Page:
5. Good practice examples

Upton, Northampton (map)

At the beginning of 2001, the Regional Planning Guidance for the South East of England identified the South Midlands (i.e. large parts of Buckinghamshire, Bedfordshire and Northamptonshire) as potential population growth areas in England (Government Office for the East Midlands, 2005). In particular, Northampton borough was recognised as a place capable of accommodating household growth due to its character of a major population and employment centre. Upton, located at the south-west of Northampton provided an opportune location for the development of an urban expansion area, mainly since the land was publicly owned (The Scottish Centre for Regeneration, 2011).

Farmland was acquired by the Northampton Development Corporation and transferred to English Partnerships [1] (EP) in 1985. Outline planning permission for Upton was first granted in 1997 [2]. EP recovered its costs from land sales (public interim purchase) and in the event of any shortfall, through public subsidy. Additionally, EP set aside money to establish the Upton Management Company which charged every unit a management fee to cover the maintenance cost of the area (Scottish Government 2010).

Other key players in the development of Upton were The Prince's Foundation for the Built Environment [3] and EDAW (now AECOM consultant team) who in conjunction with EP developed the project through two Enquiry-by-Design events (consultation). EP's investment in advanced infrastructure drove development forward providing housebuilders with serviced parcels. A Working Group was established in 2001 to oversee implementation including representatives from all partners (TCPA, 2007). A design code  including a comprehensive set of environmental standards was produced. Finally, different developers were selected by the Working Group for each of the eight sites within Upton. As a result, the UEA contains an "eclectic mix of housing styles" [4].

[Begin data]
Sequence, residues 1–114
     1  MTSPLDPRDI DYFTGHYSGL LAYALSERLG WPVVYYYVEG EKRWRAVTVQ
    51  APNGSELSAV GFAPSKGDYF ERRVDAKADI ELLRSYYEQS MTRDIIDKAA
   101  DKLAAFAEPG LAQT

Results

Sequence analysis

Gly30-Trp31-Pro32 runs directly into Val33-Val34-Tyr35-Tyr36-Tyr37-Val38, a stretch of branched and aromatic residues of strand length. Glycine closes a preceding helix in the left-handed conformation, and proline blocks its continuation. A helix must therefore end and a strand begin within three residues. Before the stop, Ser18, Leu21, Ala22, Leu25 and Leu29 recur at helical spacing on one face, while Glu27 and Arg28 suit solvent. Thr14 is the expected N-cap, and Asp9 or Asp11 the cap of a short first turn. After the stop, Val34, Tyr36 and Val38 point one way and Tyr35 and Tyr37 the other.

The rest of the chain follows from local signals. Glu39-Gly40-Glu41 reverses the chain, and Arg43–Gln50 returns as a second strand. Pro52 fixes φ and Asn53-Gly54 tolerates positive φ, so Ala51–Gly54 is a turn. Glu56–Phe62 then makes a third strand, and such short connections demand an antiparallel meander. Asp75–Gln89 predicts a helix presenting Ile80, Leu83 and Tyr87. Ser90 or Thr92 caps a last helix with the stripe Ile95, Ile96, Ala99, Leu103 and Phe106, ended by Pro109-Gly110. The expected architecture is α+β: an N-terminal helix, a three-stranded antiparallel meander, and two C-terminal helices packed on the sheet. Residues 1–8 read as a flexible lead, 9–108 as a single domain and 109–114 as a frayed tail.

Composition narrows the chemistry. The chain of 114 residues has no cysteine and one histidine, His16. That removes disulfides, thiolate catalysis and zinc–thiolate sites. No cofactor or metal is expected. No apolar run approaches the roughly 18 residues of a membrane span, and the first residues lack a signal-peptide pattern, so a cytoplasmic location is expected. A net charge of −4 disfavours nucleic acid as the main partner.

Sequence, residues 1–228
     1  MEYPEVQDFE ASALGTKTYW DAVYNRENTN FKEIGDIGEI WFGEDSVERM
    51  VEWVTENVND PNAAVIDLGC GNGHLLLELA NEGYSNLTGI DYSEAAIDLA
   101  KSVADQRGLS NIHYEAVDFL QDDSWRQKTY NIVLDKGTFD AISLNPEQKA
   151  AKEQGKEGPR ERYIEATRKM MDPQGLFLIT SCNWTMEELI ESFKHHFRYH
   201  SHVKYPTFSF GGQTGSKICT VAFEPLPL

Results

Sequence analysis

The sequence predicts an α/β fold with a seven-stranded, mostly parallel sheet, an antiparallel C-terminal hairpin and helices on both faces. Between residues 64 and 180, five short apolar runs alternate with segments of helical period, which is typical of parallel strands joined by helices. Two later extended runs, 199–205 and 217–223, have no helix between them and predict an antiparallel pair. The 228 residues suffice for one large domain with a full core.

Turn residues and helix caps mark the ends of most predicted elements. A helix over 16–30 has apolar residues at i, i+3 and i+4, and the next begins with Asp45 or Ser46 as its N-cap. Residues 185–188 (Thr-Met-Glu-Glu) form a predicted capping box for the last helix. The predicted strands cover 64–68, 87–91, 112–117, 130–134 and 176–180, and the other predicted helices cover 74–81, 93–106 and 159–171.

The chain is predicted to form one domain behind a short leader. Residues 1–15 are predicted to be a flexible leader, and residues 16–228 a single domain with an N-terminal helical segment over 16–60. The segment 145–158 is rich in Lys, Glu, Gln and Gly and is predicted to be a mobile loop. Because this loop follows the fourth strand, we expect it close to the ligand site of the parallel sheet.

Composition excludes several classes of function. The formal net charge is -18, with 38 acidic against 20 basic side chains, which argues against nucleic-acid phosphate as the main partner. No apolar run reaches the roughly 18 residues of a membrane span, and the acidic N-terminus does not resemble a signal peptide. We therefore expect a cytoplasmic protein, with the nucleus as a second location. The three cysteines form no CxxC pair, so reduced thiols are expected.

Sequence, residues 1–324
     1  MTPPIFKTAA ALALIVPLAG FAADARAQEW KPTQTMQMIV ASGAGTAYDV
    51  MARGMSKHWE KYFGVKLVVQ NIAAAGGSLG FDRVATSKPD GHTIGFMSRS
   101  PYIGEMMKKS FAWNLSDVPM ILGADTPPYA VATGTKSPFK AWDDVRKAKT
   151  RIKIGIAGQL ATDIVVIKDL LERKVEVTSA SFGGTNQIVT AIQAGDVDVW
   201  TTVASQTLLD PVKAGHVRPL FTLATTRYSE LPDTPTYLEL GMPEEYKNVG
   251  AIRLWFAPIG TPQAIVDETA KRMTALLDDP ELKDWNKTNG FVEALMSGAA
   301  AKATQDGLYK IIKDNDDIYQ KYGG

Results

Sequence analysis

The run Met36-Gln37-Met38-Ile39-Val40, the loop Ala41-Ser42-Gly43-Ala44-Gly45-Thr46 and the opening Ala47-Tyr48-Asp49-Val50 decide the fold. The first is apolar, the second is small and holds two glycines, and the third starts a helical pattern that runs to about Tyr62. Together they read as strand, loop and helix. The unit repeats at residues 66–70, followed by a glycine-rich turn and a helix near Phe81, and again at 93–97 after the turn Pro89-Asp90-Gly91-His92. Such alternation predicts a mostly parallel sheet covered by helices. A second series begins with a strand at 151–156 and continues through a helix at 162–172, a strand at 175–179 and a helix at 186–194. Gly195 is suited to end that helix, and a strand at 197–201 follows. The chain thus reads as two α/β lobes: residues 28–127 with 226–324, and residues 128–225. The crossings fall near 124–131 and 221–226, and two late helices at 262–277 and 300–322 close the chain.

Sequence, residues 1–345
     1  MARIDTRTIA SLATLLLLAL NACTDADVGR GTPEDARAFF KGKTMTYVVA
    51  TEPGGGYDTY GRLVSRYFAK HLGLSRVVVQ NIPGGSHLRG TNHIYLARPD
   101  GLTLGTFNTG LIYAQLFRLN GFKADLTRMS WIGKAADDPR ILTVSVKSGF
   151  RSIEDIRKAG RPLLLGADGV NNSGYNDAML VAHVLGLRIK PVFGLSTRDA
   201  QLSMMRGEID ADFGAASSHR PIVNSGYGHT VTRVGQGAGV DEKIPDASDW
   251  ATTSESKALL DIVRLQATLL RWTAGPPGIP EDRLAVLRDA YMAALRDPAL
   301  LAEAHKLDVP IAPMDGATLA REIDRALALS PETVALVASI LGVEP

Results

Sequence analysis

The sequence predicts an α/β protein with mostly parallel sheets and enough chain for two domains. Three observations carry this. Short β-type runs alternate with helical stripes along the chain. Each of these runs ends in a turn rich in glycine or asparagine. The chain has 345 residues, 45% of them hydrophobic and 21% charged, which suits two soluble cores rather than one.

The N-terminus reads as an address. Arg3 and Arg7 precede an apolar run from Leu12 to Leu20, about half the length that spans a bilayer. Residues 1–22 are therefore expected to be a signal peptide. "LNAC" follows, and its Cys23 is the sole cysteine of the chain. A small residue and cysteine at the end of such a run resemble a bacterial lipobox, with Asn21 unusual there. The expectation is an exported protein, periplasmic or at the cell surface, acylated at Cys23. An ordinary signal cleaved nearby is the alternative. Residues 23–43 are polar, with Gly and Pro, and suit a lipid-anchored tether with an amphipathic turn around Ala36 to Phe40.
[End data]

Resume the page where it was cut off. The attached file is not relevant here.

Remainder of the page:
[1] A national regeneration agency sponsored by the Department for Communities and Local Government. It was also responsive to the growing political and policy interest in design and place-making.

[2] (retrieved May 7, 2020)

[3] It was a charity organization oriented to improve the quality of people’s lives by teaching and practicing timeless and ecological ways of planning, designing and building. The Prince’s Foundation was created by the merging of The Prince’s Foundation for Building Community, The Prince’s Regeneration Trust, The Great Steward of Scotland’s Dumfries House Trust and The Prince’s School of Traditional Arts in 2018. Source: (retrieved May 7, 2020)